Paper No. 9
Presentation Time: 11:00 AM
WHAT'S A MOUNTAIN? CHALLENGES IN TEACHING GEOLOGY IN NORTHEASTERN NORTH CAROLINA
Elizabeth City State University serves mainly a 21 county region of the state’s northeastern Coastal Plain which has few natural rock outcrops. As such, many students entering ECSU have never seen a rock in its natural state and most have never visited a natural history museum where various rocks, minerals and fossils are on display. Some students state that they have never been outside of ECSU’s home county of Pasquotank in their entire lives, and have never seen a hill much less a mountain. Local high schools are mandated to provide an Earth Science course but are sorely lacking in geology teaching materials. Therefore most incoming students do not consider geology as a major due to a near total lack of exposure to it during their K-12 education. Also, a study by Porter and Rossbach (2003) revealed that one-quarter of responding high school Earth Science teachers in northeastern North Carolina had themselves never taken a college level Earth science or related course and one-quarter had taken only one or two courses.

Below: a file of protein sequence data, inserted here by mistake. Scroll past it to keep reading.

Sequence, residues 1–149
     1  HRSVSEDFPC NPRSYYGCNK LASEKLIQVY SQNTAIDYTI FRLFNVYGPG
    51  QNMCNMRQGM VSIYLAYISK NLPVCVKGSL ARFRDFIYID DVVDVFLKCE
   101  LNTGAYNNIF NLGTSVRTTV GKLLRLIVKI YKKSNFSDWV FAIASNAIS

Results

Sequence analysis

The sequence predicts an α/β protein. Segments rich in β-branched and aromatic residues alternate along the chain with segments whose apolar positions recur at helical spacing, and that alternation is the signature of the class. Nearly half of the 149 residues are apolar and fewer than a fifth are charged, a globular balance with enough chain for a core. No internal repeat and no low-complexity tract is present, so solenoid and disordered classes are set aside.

To help address these concerns, the Geology program at ECSU is involved in innovative ways of expanding Earth science education. One method is through a grant that will offer summer activities and field trips for middle school students and will provide supplies to the schools so they can have their own teaching sets and better prepare their students for the required high school Earth science class. The University’s Department of Education has recently started a Comprehensive Science Education program with an Earth Science track. Prospective high school science teachers in the this track will take Physical Geology, Historical Geology, Hydrogeology, Geomorphology and Structural Geology to act as base courses to better prepare them to teach Earth science in their classrooms and foster student interest in pursuing geology in college.